Predictions of a huge price fall have been wildly exaggerated

Despite the government's cooling measures, Hong Kong flat prices have stabilised recently

PUBLISHED : Tuesday, 28 May, 2013, 12:00am
UPDATED : Tuesday, 28 May, 2013, 3:18am

Home prices might have fallen slightly as a result of government measures to cool down the property market three months ago, but will they go on to decline as dramatically as some analysts have predicted?

Not if latest price trends are an indication.

In late February the government doubled stamp duties levied on the sale of homes and non-residential properties valued at more than HK$2 million. The Hong Kong Monetary Authority also ordered banks to increase the amount of capital they hold against new residential mortgages, causing some banks to raise mortgage rates by 25 basis points.

The market immediately responded with a significant drop in transactions and prices. Some observers and research institutes such as Sanford C. Bernstein forecast that home prices may fall by as much as 20 per cent this year.

But three months on, and the market seems to have stabilised and sales momentum, except for the primary market which is still affected by the new ordinance on flat sales practices, has started to pick up. The Centa-City Leading Index, which tracks second-hand home prices at 100 private housing estates, tracked a decline in home prices from March to the end of April, but since May 6 shows that prices edged up by 0.24 per cent.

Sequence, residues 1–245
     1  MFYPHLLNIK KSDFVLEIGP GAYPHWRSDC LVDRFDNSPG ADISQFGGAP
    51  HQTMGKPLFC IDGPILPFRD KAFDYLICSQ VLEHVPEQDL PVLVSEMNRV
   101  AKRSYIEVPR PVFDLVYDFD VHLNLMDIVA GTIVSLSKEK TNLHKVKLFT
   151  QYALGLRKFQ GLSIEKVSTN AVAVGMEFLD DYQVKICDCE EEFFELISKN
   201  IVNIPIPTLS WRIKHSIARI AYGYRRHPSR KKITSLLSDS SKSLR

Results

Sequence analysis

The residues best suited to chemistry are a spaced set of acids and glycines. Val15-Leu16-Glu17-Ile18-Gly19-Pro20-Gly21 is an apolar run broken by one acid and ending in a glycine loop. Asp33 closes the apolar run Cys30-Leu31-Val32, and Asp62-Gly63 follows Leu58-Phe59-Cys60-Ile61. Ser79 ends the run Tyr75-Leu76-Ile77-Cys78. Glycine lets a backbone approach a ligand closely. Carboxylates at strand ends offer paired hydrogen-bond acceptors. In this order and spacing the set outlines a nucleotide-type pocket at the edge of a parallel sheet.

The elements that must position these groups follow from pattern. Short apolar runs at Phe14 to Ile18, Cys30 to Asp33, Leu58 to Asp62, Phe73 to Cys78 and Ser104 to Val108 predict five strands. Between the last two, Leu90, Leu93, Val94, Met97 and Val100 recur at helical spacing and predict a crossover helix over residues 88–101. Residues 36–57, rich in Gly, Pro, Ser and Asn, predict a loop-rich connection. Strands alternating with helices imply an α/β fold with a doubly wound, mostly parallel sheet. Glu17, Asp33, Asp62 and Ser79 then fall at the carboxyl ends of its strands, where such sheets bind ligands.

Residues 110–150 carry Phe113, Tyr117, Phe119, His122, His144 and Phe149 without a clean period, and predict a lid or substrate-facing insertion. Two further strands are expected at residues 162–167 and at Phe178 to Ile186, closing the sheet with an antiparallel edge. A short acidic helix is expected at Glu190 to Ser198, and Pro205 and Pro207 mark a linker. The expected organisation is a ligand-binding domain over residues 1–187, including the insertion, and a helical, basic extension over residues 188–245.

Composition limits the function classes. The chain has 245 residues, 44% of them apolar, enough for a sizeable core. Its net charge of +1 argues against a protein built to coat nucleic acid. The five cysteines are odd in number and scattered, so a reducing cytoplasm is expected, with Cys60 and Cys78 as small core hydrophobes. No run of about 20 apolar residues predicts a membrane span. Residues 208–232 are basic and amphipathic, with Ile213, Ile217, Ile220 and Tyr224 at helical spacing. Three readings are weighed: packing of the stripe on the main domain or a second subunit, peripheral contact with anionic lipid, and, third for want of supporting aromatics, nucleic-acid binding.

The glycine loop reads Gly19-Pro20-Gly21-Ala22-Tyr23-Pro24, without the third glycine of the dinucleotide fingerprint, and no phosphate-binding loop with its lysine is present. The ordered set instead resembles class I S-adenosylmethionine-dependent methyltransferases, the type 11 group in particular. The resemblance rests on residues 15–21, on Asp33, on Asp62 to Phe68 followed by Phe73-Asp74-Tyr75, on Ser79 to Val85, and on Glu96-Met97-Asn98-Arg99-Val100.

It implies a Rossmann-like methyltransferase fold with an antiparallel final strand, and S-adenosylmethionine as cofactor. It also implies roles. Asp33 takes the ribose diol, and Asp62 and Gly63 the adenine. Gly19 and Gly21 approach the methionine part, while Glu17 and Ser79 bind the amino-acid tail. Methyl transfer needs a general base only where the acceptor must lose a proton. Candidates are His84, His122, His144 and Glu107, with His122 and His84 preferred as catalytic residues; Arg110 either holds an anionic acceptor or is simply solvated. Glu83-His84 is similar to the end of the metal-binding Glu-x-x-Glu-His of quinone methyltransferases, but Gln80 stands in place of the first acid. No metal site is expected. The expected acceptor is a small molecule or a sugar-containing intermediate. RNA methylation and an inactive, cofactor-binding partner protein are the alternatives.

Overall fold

True, that leaves prices down by 3.94 per cent from a peak in early March, but the latest trend is up, and year-to-date prices remain up by 2.6 per cent.

Secondary flat sales have also rebounded significantly from the trough of only 62 sales per week in early April to 178 sales for the weekend ended May 26, according to Ricacorp Properties which tracks the sales of homes in the 50 largest housing estates.

The numbers appear to show the market is stabilising, rather than heading for further major falls. And though it will come as no surprise if some owners offer small discounts to get their flats sold quickly, unless there are sudden shocks to the local and external economies, a steep drop in prices in the near future is looking unlikely.

Strong local demand and low interest rates remain the key supporting factors for the local housing market. Just when property prices started to come down, aspiring buyers and investors were lured back to the market, giving support to property prices even though they have not climbed significantly.

"The market has already digested the news about double stamp duty and the impact isn't that significant," said Bocom International property analyst Alfred Lau.

"Some banks have raised their mortgage rates by 25 basis points, which equates to an increase in flat prices of 3 to 5 per cent. This is roughly the rate of decrease in home price in the last two months … meaning the cost of buying is back to the level before the measures and it should remain stable now," he said.

Noting that some banks had wound back the 25 basis point mortgage rate rise they announced in March due to a fall in new loan demand, BNP property analyst Patrick Wong Chi-leung said secondary home buyers had gradually returned to the market.

"We have no crystal ball" is the common response we get from interviewees when asked about their views of the property market. Neither do we. But on the available evidence it does not seem that prices are on course to retreat as far as some analysts feared. They might even rise …

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